Is Mass Timber An Answer To Codes And Costs In The Bay Area?
California's new building code will force developers to take closer looks at innovative construction methods like cross-laminated timber, according to experts.
As construction costs continue hampering multifamily development across the Bay Area, CLT, which uses prefabricated and laminated wood panels, promises to reduce labor costs and shorten construction schedules, its proponents say.
DCI Engineers Vice President Jeff Brink said the technology will also partially save developers from a big increase in costs related to new seismic requirements in California's revamped building code, which takes effect Jan. 1.
"For high-rises in the 12- to 24-story range, you could be looking at seismic force increases on the magnitude of 75% or 80% higher than what we're currently designing for, which translates to a lot of potential added cost to the structure," Brink said at Bisnow's NorCal multifamily conference Wednesday morning.
"The best way you can mitigate the seismic impact on your building is to reduce its weight, because that's what's driving the seismic forces on any building," he said.
That means lighter buildings from the use of CLT, modular construction, steel or even a lighter concrete structure, could position developers for cost savings in what has been a crushing cost environment across California and the Bay Area.
Costs, on top of the slow entitlement process and regulatory burdens, have drastically slowed multifamily development in San Francisco, Emerald Fund founder and chairman Oz Erickson said at the event.
"None of the developers that I know are quite able to get things to pencil nowadays," Erickson said. "There's going to be a significant decline [in housing growth] in two years."
Emerald Fund, which has developed over 3,000 units across San Francisco, spent $250K per unit to build Rincon Green, a seven-story, 326-unit project at 333 Harrison St., in 2013. That building would cost about $850K per unit to build today, Erickson said.
CLT, which is already widely used in Europe, is starting to gain some ground in the U.S. Last year, the tallest mass timber building in the U.S. rose in Portland, Oregon, when developer Kaiser Group finished its eight-story project. This year, developer Urban Catalyst submitted plans for what could end up as San Jose's first CLT building.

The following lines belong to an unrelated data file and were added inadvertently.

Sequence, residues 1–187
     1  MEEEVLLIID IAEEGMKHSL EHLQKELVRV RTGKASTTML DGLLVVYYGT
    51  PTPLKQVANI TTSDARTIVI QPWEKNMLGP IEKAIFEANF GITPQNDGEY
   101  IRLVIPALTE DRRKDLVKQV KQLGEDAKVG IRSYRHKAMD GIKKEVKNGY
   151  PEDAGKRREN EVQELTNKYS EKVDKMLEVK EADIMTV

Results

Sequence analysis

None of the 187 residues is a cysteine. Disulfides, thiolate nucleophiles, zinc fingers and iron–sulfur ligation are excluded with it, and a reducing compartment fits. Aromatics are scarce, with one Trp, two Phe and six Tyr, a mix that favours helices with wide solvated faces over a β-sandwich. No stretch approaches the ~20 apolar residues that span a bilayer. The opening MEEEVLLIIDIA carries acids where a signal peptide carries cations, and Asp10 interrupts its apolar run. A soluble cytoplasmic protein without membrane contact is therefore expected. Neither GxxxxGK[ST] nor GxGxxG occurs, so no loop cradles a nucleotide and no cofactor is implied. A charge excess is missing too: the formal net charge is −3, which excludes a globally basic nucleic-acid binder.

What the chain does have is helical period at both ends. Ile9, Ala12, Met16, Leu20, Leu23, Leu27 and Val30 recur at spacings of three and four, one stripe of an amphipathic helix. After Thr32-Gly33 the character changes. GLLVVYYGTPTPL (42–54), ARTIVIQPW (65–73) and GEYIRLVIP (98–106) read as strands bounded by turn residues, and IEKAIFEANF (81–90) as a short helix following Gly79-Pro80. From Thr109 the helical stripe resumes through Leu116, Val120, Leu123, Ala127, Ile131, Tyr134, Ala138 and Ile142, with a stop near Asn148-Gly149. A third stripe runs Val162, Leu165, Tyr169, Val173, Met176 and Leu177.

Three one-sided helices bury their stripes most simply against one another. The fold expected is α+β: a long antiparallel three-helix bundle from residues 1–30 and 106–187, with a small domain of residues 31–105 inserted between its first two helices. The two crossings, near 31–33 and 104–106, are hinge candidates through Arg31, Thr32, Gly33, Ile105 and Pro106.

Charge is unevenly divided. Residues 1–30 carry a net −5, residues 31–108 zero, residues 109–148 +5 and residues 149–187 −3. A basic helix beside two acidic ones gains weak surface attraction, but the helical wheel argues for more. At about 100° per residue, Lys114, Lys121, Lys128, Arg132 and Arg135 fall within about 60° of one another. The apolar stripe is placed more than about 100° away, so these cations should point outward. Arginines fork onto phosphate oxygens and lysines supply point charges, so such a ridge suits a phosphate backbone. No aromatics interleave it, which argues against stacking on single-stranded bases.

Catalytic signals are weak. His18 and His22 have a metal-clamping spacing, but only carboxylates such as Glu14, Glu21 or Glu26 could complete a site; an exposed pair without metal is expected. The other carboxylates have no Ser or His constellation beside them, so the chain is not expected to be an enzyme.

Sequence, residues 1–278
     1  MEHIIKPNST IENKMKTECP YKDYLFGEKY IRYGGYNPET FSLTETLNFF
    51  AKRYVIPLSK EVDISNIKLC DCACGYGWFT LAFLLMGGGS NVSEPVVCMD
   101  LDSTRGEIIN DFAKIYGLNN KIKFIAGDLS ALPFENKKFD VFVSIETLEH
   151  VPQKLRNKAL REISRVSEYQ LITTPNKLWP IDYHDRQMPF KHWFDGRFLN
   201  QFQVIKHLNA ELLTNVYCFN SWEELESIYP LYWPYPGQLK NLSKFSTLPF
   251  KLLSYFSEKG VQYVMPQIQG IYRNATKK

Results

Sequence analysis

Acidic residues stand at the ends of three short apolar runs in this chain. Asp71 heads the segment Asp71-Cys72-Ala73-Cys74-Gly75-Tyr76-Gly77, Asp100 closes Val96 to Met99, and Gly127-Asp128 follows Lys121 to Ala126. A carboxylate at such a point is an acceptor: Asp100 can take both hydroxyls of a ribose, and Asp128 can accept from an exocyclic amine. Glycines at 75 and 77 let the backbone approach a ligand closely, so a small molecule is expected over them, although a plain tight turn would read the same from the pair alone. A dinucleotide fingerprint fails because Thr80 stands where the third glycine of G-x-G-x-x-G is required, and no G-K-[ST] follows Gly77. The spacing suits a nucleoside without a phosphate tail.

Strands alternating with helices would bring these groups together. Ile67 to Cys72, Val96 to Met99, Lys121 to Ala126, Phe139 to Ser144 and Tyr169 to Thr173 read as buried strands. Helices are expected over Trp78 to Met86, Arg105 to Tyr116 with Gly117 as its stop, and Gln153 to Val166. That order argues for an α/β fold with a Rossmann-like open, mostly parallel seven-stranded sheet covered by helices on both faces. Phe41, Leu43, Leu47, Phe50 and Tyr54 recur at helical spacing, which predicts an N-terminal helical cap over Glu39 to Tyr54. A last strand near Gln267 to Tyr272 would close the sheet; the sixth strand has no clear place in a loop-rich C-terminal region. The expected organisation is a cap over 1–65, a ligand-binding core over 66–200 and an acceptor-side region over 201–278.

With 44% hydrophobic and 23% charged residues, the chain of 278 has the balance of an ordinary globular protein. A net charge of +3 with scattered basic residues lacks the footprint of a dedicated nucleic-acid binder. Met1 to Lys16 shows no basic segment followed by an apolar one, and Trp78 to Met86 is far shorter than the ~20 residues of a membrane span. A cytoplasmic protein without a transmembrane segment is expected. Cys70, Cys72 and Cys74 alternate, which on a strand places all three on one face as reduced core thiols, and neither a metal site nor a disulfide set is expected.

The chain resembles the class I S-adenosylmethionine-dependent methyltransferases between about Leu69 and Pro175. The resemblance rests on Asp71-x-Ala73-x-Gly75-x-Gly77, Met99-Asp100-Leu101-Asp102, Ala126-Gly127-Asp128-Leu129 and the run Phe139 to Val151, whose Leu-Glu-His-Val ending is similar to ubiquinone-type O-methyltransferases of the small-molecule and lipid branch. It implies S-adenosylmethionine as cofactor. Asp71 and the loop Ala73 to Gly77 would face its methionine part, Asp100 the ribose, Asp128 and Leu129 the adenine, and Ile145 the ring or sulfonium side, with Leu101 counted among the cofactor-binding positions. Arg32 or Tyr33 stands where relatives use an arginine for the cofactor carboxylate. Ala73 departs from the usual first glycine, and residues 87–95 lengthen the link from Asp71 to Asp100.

The cost savings made possible by mass timber construction might be especially relevant for San Jose, where construction costs match those faced by developers in San Francisco and Oakland but without the high rents.
Condos, for example, are in short supply in San Francisco and San Jose. Z&L Properties locked in construction costs at about $250 per SF at its 188 West St. James high-rise condos when it began construction. But things would be quite a bit different if it was starting that project today, according to Z&L Properties Chief Financial Officer Robert Buckner.
"Now, it would be double that," Buckner said. "We couldn't make money. That project would not be possible in today's market."
Z&L has been less fortunate in San Francisco. At 1554 Market St., the developer restarted construction on its 109-unit project after it stalled because of costs, but Buckner said it has far from a great return to look forward to. It faces similar circumstances at a smaller project on 7th St.
"We have started a project on Market and Van Ness, and we're not going to make a lot of money on that, if anything," Buckner said. "We're building it so we can dispose of that piece of property. It's been sitting there too long."
Like Brink, others think code changes starting next year and beyond will only heighten the utility of CLT and allow for more ground-up residential construction to rise and be profitable in the Bay Area.
Both TCA Architects founder and CEO Thomas Cox and Studio T-Square owner and Principal Chek Tang think mass timber could take hold on the construction industry this coming decade in the same way Type III buildings gained a foothold in the last 10 years.
"The last holy grail was Type III construction," Tang said. "Most of the Bay Area doesn't allow for 28- or 30-story buildings, but there are sweet spots beyond Type III that might be a 12- or 16-story building. CLT is one of them."
DCI Engineers is working on SKS Partners' One De Haro project, which will be S.F.'s first office building to use CLT. Brink, who said the team is starting to set the panels, said he likes how it looks so far.
"It's an amazing structure," he said.